To Build Or To Colocate Your Next Data Center – That Is The Question

Technology and business leaders don’t always fully understand the true costs and risks associated with both building and operating a data center. Data center facilities are one of the largest line items in an IT infrastructure budget, and these costs can run into the tens or even hundreds of millions over a data center’s lifetime. If you’re currently looking for more data center capacity, before you make a decision, it’s important to understand the cost and risk implications of your choice and justify the business case to your executives and budget holders.

Using Forrester’s Total Economic ImpactTM (TEI) methodology, we built an ROI calculator to help infrastructure & operations professionals evaluate three approaches to greenfield data center implementations: traditional builds, modular builds, and colocation. In this model, we quantify the costs, risks, and benefits associated with each scenario and calculate the net present value (NPV) of this investment over 15 years.

Rachel Dines published the first generation of this model back in 2011 comparing just traditional builds versus colocation. Early this year, I began the task of updating this research and investigating any and all changes or disruptions in this market. I was most surprised to witness the recent proliferation of modular solutions available. Over the last few years, this market has accelerated rapidly with many established vendors expanding their offerings to include a ‘modular-like approach’. Even colocation providers have embraced this approach, expanding their facilities in modular phases and realizing the benefits of spreading out capital investments, minimizing risk and mitigating the dependency on rigorous capacity planning exercises. So we officially added a modular implementation to the study this year.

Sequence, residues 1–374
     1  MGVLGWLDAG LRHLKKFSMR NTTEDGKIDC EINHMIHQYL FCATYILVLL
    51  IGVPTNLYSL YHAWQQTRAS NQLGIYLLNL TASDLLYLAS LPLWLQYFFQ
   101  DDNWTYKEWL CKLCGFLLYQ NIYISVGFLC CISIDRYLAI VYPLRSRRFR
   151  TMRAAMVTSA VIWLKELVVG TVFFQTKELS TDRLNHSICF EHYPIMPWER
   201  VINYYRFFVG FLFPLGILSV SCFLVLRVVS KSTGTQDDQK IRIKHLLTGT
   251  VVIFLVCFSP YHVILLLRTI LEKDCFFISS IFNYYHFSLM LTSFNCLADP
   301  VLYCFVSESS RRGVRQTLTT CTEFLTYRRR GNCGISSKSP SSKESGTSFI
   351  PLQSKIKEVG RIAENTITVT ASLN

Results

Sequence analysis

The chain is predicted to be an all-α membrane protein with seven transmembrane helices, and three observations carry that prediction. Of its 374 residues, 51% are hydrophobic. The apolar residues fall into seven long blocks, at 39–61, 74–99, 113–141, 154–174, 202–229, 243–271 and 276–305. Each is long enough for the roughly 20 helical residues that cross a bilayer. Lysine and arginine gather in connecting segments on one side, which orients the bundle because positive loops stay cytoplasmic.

When evaluated in our TEI model, our analysis shows that building a data center with a traditional/monolithic approach is impractical for most, whereas modular solutions enable:

  • Faster deployment
  • Flexible scalability
  • Risk adverse capital expenditure model

From a purely cost perspective, modular implementations provide a competitive alternative to colocation solutions. For example, in the following scenario we modeled out a 2MW Tier III equivalent data center with a PUE of 1.5:

*All numbers are in millions

Beyond just dollars and cents, it’s critical that you consider the following strategic factors:

  • Is owning and operating a data center a strategic differentiator for my company?
  • What is my organization’s risk tolerance and culture?
  • Does my organization have the capacity to forecast and plan effectively?
  • What is your cost of capital? Does the business favor operational expenses or capital expenses?

For full insights and analysis around this discussion, see our recent report: Build Or Colocate? The ROI Of Your Next Data Center

Comments

One game changer is HP's

One game changer is HP's Moonshot server for hyperscaled environments. The huge reduction in energy and space in a data center can drastically reduce space needs, even delay having to use modular space addtiions!

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